This first picture shows my grandmother along with my father, and his brother and sister. My father is the younger boy and was born in 1908.
My grandfather is absent from the family group because he was away serving in the Great War 1914 - 1918. He stayed in the army until 1920. This photo shows him seated with a little dog, probably abandoned due to war, which became his companion whilst he was away. My grandfather was a Bombardier in the Royal Field Artillery and his companion a Lance-Bombardier.
This is a picture of my father as a teenager. He was a really keen sportsman playing both football and rugby. Sadly neither of his sons were keen ball players, and nor are my two sons. He does, however, have a grandson in Canada who is keen on ball sports.
This is a photo of H's grandparents with his father standing in the middle of the picture between his parents.
The interesting thing is that H's father was also born in 1908, and I suspect that in both photos my father and his father are roughly the same age.
My family are from a large town, and H's family are farmers living in the countryside. This makes for an interesting comparison particularly concerning the clothes they are wearing. My father wears a stiff collar, bow-tie, waistcoat, jacket, and trousers with long dark stocking socks and boots. H's father is casually attired in a crew necked jumper, and I am presuming ¾ stockings and boots similarly to his younger brother. The comparisons with our grandmothers too is noticeable. There is definitely a town versus country thing going on. My aunt is obviously the little darling of the family with her hair in ringlets, topped off by a bow, and wearing an embroidery-anglais dress. H's Aunt looks as if her hair hasn't seen a brush or comb for many a day, and the hair ribbons look to have been tied in by herself - however, I love her look. I think she has the look of the Pre-Raphaelites.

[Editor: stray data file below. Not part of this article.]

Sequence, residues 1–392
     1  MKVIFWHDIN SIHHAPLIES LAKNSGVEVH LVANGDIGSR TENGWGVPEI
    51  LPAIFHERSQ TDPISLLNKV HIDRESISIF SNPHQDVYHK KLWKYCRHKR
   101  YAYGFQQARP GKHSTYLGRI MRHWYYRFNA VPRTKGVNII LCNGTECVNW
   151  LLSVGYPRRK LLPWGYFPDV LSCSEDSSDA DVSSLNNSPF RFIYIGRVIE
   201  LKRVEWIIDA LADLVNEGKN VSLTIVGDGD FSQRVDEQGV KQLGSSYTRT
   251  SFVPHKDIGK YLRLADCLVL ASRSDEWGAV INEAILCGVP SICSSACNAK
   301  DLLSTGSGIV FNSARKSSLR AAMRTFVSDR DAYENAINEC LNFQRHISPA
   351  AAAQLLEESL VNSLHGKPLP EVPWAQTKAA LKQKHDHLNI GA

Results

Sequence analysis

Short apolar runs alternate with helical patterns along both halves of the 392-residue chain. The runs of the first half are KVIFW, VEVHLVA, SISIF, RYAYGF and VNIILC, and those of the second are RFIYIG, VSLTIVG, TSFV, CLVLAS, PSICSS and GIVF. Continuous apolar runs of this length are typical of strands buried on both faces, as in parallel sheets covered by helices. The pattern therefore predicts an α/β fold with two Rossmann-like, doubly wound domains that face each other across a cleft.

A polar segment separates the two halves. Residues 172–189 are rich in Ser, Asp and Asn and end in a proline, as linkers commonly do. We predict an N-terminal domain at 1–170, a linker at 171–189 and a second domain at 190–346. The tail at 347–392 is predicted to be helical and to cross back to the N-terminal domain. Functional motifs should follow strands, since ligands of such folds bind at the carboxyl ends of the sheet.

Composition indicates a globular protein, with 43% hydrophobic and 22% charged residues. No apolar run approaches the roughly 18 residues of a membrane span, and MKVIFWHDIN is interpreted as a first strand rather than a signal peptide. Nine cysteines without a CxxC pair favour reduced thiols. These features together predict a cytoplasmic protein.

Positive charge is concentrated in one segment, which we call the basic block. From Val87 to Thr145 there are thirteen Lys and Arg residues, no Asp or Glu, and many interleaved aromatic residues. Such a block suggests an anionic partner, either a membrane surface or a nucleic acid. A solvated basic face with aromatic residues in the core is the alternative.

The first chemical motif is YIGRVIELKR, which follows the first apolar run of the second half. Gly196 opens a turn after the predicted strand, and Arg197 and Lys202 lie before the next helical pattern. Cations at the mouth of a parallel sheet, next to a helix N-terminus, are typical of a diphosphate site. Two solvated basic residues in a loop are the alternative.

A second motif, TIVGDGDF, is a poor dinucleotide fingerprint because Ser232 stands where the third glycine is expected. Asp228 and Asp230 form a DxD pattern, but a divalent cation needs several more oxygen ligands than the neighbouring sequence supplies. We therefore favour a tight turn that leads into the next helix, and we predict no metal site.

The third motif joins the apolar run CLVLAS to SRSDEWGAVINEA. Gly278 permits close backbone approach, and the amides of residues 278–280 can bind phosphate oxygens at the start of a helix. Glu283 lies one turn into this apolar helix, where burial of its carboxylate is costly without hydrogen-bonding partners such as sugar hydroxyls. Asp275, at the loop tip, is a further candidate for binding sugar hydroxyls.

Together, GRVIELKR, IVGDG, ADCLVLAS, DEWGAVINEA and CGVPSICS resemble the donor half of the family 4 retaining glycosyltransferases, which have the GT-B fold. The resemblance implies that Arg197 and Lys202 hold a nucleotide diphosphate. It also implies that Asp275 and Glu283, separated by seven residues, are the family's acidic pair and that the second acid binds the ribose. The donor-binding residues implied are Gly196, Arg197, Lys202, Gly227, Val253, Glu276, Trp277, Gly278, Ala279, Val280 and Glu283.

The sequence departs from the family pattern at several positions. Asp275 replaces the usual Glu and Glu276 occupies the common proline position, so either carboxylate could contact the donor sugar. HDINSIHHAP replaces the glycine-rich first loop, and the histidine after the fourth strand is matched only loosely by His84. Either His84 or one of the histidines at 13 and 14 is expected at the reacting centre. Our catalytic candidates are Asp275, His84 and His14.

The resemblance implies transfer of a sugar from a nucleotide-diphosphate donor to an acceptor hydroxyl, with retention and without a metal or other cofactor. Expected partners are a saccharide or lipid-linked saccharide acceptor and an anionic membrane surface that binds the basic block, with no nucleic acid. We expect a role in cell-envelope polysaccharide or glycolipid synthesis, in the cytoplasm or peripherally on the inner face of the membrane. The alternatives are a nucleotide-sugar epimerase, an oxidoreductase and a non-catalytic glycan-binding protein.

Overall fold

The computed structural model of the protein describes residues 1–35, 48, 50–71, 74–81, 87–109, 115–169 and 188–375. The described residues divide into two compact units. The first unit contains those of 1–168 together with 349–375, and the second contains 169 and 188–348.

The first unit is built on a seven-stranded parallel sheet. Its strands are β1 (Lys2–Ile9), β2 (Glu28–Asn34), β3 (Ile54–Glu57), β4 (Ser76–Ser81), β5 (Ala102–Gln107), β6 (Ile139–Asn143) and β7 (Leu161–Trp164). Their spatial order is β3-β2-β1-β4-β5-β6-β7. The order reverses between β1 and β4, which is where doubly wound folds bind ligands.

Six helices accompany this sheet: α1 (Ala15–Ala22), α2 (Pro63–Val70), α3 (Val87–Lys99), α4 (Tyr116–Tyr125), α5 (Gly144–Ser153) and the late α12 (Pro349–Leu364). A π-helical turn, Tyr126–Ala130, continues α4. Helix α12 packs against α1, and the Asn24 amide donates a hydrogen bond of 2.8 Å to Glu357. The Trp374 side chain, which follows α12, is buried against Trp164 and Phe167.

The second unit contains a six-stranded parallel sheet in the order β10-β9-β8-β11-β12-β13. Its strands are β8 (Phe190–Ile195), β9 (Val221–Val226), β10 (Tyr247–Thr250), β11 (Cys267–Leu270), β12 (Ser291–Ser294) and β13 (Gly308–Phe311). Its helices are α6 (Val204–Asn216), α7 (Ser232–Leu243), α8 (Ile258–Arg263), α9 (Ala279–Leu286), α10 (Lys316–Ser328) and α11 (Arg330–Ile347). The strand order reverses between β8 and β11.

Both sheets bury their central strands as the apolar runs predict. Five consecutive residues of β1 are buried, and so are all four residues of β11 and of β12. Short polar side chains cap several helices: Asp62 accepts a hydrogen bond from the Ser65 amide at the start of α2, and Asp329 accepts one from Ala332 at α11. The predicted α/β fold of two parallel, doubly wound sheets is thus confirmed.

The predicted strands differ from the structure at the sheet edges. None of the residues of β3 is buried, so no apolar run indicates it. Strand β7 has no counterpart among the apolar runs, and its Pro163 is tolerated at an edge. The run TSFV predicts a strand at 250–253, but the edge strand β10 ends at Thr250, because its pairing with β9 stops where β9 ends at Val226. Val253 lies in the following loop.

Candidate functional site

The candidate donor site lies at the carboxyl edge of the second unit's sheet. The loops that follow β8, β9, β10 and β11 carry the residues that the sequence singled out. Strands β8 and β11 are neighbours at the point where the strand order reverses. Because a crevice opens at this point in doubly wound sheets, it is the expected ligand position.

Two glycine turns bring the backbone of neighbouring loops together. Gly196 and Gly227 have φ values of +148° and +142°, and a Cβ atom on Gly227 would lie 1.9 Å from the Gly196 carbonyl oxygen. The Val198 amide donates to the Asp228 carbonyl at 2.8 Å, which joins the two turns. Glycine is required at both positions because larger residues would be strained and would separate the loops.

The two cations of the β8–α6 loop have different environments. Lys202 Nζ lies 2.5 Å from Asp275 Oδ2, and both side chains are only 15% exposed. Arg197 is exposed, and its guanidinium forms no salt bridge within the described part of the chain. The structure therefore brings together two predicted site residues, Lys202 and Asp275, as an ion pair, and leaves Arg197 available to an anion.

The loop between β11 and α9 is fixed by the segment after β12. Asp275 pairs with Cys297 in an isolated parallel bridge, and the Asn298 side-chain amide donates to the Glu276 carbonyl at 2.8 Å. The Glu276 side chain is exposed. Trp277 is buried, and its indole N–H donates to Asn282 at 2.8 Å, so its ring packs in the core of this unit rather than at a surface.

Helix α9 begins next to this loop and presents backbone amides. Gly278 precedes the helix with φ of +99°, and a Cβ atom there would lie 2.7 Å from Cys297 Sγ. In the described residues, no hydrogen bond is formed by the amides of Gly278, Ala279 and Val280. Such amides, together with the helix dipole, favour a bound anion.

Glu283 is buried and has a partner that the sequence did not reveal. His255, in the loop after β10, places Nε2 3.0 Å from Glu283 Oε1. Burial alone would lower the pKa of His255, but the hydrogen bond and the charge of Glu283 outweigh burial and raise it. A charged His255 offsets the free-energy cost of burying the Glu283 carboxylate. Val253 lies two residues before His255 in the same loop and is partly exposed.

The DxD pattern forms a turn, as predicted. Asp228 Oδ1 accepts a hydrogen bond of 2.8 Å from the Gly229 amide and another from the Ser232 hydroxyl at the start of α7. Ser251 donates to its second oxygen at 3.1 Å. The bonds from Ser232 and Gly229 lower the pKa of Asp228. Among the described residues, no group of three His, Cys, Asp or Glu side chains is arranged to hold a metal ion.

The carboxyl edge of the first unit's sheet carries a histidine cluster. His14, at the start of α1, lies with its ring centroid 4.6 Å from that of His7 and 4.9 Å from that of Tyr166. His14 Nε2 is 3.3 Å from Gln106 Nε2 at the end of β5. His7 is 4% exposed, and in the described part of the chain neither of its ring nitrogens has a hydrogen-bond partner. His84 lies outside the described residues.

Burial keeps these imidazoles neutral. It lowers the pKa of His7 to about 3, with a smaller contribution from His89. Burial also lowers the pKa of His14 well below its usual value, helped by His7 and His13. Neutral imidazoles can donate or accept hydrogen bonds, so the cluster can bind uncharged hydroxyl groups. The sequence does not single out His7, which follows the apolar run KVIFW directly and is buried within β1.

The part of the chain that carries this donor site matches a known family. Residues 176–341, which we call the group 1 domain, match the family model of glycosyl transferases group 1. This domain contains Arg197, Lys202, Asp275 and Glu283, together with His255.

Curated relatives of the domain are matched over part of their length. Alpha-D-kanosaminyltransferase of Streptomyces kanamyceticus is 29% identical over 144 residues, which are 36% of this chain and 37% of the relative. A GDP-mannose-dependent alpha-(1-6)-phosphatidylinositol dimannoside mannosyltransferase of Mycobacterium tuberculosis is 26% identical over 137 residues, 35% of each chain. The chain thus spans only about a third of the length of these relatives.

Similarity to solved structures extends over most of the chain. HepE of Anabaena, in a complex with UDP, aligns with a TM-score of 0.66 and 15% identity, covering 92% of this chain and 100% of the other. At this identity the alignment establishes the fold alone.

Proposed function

This is a rather poignant photo. The boy is the eldest son shown standing in the family group behind H's father. Sadly as was the way with many families pre modern surgery, immunisation, and antibiotics, his twin sister died from Meningitis shortly after this photo was taken.
how many differences and similarities one can find through old pictures. and how much history, although private at the same time a part of our worlds history.... the last picture is so cute and the story behind it heartbreaking ...ReplyDelete
Photographs, such as these which you show here, are endlessly fascinating for they always, and of course it is true of these, have stories to tell. The comparisons which you are able to make between country and town add to the intrigue and the pictures do provide a social commentary of the times. We have one set of parents born very close to those of yours and H's in 1909 and 1912.
Dear Demie - Yes, by telling us more about those that went before us, these photographs do stir the emotions, and make us more intimate with the past.ReplyDelete
Hello Jane and Lance - parallels with your family during the same period adds to the interest. Glad I could share these with you.ReplyDelete